An article published recently in the journal Diabetes Research and Clinical Practice reviews the mechanisms by which microalbuminuria causes renal and cardiovascular disease. The authors also describe appropriate interventions.
Before 1969, clinicians had no proven therapies for patients with overt diabetic nephropathy. In 1963, Harry Keen and Costis Chlouverakis developed the first radioimmunoassay for urinary albumin and identified microalbuminuria as a measure of early renal damage in diabetes. In 1969, they joined with Giancarlo Viberti to prove that microalbuminuria was a risk factor for clinical nephropathy and early death. The journal Diabetes Research and Clinical Practice has published an article ahead of print discussing treatment changes since this discovery.
Microalbuminuria predicts diabetic nephropathy, end-stage renal disease, fatal and nonfatal cardiovascular events, and hypertension. Today, clinicians use markers of microalbuminuria to plan strategies that prevent and treat diabetic nephropathy and cardiovascular disease. Patients with type 1 and type 2 diabetes have experienced treatment-induced and spontaneous microalbuminuria remission and demonstrated that remission of microalbuminuria preserves renal function.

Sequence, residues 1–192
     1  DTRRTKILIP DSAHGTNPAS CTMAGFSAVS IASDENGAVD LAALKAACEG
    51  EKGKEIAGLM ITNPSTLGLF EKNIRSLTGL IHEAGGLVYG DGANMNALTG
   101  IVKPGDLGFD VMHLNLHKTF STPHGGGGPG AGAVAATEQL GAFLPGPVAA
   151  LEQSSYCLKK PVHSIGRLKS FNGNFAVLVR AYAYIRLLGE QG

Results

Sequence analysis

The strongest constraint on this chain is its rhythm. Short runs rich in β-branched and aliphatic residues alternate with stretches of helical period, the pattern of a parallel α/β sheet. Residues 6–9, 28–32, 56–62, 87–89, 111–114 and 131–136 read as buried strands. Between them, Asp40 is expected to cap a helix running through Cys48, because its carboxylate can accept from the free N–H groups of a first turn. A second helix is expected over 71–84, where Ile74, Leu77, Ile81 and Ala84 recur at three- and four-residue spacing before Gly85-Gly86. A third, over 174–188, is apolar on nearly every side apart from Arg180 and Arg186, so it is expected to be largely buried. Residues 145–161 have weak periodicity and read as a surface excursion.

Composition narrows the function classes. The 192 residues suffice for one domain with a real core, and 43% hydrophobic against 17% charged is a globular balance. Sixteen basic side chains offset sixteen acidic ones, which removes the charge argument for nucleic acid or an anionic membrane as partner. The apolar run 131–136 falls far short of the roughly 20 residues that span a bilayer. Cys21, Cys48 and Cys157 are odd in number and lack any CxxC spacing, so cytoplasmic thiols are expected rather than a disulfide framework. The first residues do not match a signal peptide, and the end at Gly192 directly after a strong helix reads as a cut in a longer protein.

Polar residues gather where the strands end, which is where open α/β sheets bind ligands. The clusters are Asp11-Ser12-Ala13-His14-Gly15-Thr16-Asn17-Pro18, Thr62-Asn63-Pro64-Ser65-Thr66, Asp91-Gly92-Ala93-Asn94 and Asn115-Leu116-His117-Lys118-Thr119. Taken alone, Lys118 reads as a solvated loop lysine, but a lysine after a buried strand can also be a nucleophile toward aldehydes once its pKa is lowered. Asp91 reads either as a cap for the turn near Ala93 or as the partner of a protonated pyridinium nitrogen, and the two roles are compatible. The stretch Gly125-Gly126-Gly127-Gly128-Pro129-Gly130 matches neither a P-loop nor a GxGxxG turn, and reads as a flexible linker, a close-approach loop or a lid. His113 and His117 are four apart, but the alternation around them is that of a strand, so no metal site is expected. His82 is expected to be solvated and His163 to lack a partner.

This paper, written by researchers from Denmark, reviews the mechanisms by which microalbuminuria causes renal and cardiovascular disease. They describe appropriate interventions. These include intensified, multifactored treatment targeting glycemic control, blood pressure (including renin angiotensin system blockade) and dyslipidemia.
The authors review a wealth of clinical research, presenting studies in a logical order that explains our forward progress clearly. They describe the progression from normoalbuminuria to microalbuminuria (primary prevention), and microalbuminuria to diabetic nephropathy (secondary prevention). When employed aggressively and consistently, evidence-driven approaches reduce diabetic complications and improve prognosis significantly.
Harry Keen died in 2013. His legacy is the use of microalbuminuria globally. No biomarker except urinary proteomics has outperformed microalbuminuria as a valid, robust, independent predictor for fatal and nonfatal cardiovascular outcome in diabetes. This review re-introduces its history and affirms its continued utility.